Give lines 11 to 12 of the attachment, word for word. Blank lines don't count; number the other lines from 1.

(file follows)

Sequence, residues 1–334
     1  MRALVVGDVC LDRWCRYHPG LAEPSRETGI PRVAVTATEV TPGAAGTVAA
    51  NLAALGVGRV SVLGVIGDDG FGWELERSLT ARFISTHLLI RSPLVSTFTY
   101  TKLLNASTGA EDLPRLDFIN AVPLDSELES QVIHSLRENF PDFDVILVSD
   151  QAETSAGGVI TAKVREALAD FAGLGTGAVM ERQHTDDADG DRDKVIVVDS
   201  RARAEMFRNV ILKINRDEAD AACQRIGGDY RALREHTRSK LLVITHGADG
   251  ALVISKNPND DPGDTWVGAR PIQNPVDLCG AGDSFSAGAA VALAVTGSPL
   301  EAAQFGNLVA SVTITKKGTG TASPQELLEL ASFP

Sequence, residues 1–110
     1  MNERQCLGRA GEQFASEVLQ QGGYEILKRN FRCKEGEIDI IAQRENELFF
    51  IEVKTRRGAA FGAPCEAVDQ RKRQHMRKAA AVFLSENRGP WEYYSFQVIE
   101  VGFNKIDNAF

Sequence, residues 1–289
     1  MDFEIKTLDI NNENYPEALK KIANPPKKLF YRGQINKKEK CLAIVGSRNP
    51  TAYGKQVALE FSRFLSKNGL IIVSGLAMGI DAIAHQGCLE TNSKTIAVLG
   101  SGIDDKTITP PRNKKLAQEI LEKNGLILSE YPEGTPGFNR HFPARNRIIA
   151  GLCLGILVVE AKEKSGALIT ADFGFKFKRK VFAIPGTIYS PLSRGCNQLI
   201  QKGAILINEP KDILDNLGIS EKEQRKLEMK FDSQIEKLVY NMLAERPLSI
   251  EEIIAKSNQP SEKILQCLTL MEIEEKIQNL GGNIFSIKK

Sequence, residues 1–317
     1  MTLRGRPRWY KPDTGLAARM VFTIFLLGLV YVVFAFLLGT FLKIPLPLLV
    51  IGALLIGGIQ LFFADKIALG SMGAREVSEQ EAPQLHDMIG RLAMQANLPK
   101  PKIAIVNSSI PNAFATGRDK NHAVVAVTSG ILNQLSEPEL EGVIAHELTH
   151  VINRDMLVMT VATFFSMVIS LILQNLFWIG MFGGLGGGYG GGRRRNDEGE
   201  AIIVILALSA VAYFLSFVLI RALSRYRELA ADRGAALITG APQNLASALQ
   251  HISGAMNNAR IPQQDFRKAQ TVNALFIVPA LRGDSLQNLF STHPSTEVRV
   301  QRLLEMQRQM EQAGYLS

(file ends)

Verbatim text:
    51  IEVKTRRGAA FGAPCEAVDQ RKRQHMRKAA AVFLSENRGP WEYYSFQVIE
   101  VGFNKIDNAF